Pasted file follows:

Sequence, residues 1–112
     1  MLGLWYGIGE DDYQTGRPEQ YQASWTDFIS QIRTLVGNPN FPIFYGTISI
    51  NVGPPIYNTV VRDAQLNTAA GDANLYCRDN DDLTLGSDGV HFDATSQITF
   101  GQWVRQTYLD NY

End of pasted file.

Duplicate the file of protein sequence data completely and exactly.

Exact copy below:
Sequence, residues 1–112
     1  MLGLWYGIGE DDYQTGRPEQ YQASWTDFIS QIRTLVGNPN FPIFYGTISI
    51  NVGPPIYNTV VRDAQLNTAA GDANLYCRDN DDLTLGSDGV HFDATSQITF
   101  GQWVRQTYLD NY